duces such plates, and all persons, firms, or corporations 
that purchase photo-engraved plates for the purposes of 
resale. " 

Description of the Industry 

Photo-engraving is a reproductive art, which involves the use of a photo- 
mechanical process by which relief printing blocks cr plates are produced 
in line and half-tone. It is widely used today in the commercial world for 
the reproduction of artistic designs, such as magazine covers, illustrations, 
greeting cards, half-tone engravings, and other works of art. Photo-engraved 
plates arc also used outside the Graphic Arts Industries in the manufacture 
of such products as wallpaper, carpets, linoleum, cotton goods, silk goods, 
steel products in imitation of wood, chinaware, and shoes. 

Establishments within the Photo-Engraving Industry engage primarily in 
the making of photo-engraved plates for use by members of other industries 
in the reproduction of designs of an artistic nature, such as those mentioned 
above, and do not ordinarily print from the plates which they themselves make. 

History 

The art of photo-engraving, like every other art, has undergone an 
evolutionary development. 1/ Its origin can be traced to experiments in 
England, Prance, and Germany in the early second half of the 19th century. 
The invention of the half-tone process is attributed to a German, George 
Meisenbach, who patented it in 18^2 and was the first to apply it on a prac- 
tical basis. The invention of the process most widely used today, however, 
is accredited to an American, Frederick Ives, who was producing commendable 
photo-engraving by the y*ar 1886. 

From these simple beginnings a little over a half century ago photo- 
engraving has developed into a large industry, comprising approximately 800 



1/ For historical account, see Encyclopedia Britannica 14th ed. , Article 
Photo-Engraving. 



8711 



-3- 

indi vidua! establishments which do an annual volume of business of ah out 
$PO,000,000 in normal times. 1/ 

Number of Members 

There are few branch plants in the Photo-Engraving Industry, conse-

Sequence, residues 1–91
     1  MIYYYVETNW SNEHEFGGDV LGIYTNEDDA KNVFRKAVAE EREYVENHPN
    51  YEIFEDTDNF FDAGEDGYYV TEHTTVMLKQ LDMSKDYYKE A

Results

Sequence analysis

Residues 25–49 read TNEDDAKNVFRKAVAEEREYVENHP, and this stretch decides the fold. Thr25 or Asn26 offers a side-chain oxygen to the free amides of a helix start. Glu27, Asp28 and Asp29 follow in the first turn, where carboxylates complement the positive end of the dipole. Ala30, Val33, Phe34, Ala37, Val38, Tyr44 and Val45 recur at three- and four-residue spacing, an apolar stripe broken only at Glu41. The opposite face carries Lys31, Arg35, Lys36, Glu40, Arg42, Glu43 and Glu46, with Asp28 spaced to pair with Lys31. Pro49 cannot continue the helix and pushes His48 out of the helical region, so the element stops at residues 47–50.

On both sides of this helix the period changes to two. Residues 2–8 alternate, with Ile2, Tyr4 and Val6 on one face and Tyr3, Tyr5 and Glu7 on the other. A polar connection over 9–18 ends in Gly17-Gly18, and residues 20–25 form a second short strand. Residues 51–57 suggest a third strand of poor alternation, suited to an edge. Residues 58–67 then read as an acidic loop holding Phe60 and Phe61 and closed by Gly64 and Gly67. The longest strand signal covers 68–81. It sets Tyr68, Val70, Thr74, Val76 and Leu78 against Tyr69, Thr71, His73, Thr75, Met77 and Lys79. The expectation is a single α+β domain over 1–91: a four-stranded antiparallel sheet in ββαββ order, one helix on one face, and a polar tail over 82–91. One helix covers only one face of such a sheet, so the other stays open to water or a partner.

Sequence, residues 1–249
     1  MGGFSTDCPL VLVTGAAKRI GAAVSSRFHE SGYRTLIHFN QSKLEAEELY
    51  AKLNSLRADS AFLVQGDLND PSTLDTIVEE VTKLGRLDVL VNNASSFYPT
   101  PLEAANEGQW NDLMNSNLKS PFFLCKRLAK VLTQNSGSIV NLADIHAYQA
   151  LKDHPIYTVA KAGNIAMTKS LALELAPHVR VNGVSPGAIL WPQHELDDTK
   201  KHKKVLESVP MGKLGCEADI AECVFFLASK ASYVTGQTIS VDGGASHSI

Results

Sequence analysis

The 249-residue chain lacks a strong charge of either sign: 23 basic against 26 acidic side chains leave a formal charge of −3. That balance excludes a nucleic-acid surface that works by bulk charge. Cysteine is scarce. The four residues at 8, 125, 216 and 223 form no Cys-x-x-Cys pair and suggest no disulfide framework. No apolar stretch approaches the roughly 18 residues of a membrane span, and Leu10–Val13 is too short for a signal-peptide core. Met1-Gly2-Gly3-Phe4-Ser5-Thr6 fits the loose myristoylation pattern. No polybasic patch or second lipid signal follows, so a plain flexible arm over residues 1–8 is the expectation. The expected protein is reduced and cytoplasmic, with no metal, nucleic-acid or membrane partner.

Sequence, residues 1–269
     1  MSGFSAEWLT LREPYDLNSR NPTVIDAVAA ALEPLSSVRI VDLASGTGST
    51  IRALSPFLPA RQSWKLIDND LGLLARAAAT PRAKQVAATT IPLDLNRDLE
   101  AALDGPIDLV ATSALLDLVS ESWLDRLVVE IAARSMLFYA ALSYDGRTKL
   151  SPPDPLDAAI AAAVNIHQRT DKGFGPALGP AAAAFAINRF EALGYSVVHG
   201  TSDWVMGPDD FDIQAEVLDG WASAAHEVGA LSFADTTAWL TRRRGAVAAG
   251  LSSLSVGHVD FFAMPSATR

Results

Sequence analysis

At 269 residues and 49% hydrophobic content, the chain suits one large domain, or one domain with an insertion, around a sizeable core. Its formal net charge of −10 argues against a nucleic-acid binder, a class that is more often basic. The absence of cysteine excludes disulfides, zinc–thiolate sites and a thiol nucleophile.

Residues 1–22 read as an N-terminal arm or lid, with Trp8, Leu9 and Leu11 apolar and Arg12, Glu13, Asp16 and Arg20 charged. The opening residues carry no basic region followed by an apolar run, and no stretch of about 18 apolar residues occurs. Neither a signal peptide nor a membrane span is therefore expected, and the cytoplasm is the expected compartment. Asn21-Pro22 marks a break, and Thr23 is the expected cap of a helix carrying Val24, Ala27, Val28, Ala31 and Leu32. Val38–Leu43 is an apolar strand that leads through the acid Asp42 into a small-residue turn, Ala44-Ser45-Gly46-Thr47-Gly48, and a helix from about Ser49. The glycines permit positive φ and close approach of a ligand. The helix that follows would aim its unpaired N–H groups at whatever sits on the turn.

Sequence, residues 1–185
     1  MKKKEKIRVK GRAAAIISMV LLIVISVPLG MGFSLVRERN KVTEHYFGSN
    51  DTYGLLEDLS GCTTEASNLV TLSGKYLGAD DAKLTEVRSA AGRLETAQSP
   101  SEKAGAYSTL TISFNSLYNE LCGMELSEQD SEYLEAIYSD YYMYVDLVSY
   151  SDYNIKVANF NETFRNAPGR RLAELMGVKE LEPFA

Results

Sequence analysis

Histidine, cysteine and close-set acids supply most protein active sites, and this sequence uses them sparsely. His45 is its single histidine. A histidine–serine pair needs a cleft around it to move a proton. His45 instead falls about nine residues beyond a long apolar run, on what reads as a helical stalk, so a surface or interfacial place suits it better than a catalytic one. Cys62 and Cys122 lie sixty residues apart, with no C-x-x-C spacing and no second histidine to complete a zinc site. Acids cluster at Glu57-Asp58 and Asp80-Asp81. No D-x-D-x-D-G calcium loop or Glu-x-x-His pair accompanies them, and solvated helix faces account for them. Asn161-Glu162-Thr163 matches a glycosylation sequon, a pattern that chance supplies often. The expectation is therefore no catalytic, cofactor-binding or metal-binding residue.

quently the number of members of the Industry is approximately the same as 
the total number of establishments. 

Number of Establishments 

The total number of establishments in the Industry, including a consid- 
erable proportion of very small plants not assessed for C de Authority ex- 
penditures, on January 1, 1935, was 377, according to a report submitted by 
the Code Authority for the Industry en January 32. Table IV shows a net 
gain of 14 establishments at the end of 1934 over 1933. The number listed 
fcr budgetary assessment by the Code Authority on January 22, 1935, as well 
as on January 1, 1934, the effective date of the Code, was 796. The number 
of establishments assessed by the Code Authority is 30 more than the number 
given in the Code Application (See Table I, below) and 19C more than the 
number reported by the Census of Manufactures for the year 1933 (See Ic'.le 
II), the only year for which comparable statistics are available. 

The discrepancy in the number of establishments given by the three 
sources is not difficult to explain. The Code Application was filed on 
August 15, 1933, and the number of establishments given was clearly recog- 
nized as an approximation. The Census of Manufactures excludes all estab- 
lishments whose annual gross scale volume of business is valued at less 
than $5,000, whereas the other two sources undertake to cover the entire 
Industry as defined by the Code, that is, "all plants engaged in the produc- 
tion or partial production of photo-engraved plates fcr sale or for the use 
and benefit of others than the person, firm, or corporation that praducos 
such plates." Since the Photo-Engraving Industry is comprised to a large 
degree of small plants, many of these automatically fall into the category 
of those not tabulated by the Census Bureau, The percentage of those falling 
into this category during the period covered by the 1933 census appears to 
have been quite large. 

Hone of these sources include "private plants," that is, Photo-Engraving 
plants operated by private printing establishments, such as those of leading